Check for improper grounding

Improper grounding can be determined through a minor test. Using the multimeter leads, reverse the connection you made initially — that is, switch the connection ports of the red and black probes. Record the reading you get first, then remove the black probe gently and insert it into the third outlet port before checking the reading again. Normally, it should match the original figures you had during the first testing (per HGTV). If it's different, your outlet is improperly grounded. 

Angi writes that fixing a grounding problem costs between $130 and $170; however, you can decide to take it on yourself. The first step is to locate the earth rod and check for any corrosion in the wires. Also, there may be a loose connection that needs some tightening. If that's not the issue, then check each cable joining area in the home for any wire breaks. Once the fault is detected, fix it by replacing the wires where necessary.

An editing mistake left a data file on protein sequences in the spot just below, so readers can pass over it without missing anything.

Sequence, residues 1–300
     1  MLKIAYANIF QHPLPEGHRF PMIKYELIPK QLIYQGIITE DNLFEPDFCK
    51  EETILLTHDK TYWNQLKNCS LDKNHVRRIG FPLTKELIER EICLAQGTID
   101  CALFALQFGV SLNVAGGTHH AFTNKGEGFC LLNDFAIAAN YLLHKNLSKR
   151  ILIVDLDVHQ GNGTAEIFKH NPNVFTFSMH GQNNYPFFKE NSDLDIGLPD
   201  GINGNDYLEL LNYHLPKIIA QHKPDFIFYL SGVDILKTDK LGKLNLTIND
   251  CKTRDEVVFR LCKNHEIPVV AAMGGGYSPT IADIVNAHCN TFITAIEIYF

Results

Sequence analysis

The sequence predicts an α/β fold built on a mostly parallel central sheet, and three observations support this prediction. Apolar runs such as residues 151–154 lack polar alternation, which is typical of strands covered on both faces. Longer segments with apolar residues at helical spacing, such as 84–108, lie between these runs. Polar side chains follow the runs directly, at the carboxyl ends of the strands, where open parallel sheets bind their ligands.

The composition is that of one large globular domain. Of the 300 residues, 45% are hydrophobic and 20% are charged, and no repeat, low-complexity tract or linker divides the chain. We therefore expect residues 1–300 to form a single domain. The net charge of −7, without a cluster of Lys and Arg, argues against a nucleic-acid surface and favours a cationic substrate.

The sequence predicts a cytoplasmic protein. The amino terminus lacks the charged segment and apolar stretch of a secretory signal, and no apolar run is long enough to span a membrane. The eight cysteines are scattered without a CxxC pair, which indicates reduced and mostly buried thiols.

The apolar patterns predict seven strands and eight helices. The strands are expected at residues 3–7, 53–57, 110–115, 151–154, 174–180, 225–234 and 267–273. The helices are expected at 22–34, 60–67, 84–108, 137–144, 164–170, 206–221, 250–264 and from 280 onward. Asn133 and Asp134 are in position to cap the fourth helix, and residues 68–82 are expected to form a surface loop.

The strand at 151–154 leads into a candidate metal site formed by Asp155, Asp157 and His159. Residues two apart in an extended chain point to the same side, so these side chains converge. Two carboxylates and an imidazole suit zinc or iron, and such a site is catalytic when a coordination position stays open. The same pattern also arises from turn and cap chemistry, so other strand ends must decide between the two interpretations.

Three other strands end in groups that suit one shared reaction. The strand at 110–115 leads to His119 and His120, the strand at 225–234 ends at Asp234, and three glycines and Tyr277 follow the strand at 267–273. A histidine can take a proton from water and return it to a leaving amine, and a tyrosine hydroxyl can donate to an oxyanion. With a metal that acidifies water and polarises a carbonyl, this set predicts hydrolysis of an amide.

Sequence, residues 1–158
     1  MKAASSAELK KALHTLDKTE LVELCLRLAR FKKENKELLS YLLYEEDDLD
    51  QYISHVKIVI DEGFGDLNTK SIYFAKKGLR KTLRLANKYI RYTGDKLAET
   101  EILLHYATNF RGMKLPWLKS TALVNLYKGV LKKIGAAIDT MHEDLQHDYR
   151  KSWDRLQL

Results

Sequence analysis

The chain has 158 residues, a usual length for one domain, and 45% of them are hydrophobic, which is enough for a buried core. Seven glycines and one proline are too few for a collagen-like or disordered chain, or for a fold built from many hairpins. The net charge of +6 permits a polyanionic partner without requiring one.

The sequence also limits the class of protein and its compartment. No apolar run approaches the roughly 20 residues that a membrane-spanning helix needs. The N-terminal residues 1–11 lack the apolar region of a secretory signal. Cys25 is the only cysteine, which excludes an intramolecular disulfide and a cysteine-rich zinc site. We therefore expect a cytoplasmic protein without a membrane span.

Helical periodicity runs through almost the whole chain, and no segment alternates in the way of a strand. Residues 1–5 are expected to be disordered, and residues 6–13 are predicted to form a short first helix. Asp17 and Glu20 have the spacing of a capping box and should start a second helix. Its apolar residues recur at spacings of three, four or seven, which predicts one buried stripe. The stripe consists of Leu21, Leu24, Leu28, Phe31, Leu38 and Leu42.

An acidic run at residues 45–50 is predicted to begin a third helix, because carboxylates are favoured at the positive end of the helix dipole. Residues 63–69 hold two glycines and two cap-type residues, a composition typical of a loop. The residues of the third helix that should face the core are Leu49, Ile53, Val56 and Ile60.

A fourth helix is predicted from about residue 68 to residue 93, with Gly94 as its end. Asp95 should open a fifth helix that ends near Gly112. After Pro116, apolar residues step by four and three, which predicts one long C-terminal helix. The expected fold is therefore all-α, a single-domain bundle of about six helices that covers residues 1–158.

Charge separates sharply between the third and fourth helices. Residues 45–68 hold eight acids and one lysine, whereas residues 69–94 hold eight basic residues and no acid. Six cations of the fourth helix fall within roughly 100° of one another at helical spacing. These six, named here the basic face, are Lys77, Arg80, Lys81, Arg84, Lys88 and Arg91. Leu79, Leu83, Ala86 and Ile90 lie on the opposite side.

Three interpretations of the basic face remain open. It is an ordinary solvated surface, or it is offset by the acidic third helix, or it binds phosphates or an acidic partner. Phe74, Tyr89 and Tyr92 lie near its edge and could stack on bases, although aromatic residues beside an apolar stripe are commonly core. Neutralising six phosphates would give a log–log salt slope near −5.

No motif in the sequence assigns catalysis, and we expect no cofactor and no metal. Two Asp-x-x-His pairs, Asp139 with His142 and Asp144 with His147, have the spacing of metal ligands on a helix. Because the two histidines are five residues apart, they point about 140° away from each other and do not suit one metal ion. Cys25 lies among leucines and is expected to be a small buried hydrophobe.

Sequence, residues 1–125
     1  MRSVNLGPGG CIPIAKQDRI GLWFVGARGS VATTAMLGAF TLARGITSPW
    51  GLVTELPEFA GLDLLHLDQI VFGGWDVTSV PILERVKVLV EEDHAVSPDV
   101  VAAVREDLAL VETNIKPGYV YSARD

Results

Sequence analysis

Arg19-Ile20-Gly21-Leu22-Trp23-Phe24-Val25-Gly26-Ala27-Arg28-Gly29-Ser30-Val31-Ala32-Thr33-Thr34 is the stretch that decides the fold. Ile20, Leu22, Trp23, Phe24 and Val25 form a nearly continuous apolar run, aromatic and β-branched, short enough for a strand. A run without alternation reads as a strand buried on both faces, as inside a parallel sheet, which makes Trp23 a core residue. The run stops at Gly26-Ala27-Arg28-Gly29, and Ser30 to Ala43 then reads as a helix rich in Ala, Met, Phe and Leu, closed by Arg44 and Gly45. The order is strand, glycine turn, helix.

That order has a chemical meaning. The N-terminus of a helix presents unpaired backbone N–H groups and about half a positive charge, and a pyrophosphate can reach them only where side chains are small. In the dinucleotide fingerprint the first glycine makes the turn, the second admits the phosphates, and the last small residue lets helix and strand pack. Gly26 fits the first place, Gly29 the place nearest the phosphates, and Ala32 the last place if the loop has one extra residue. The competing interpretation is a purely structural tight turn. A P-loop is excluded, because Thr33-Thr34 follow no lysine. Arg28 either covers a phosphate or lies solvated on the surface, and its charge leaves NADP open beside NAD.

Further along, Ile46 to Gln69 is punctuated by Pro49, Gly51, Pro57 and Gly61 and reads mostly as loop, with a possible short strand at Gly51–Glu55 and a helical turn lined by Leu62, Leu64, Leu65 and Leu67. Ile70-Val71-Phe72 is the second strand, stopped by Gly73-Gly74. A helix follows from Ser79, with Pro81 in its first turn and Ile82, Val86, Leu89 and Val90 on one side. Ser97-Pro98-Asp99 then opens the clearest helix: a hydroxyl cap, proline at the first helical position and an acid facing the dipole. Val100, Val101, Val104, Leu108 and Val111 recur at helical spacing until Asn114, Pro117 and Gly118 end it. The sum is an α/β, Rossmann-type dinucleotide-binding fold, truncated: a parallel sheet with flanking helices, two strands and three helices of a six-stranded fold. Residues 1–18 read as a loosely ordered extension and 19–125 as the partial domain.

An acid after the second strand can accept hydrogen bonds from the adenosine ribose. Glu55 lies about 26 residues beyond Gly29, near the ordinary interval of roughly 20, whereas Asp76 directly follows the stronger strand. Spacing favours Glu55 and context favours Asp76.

Safety tip: Switch off all electrical connections before checking wires to avoid an electrical shock.

Check extension cords and loose sockets

Another recommended handy outlet test for your home's safety is ensuring that all extensions and sockets are in prim and proper shape. Extension cords are convenience appliances. If your socket is too far away, or a plug can't seem to fit in the main socket, use one. However, extension cords also go through wear and tear. This includes stretching of the rubber, which can lead to cuts and tears, and in worst-case scenarios, exposure of the wires.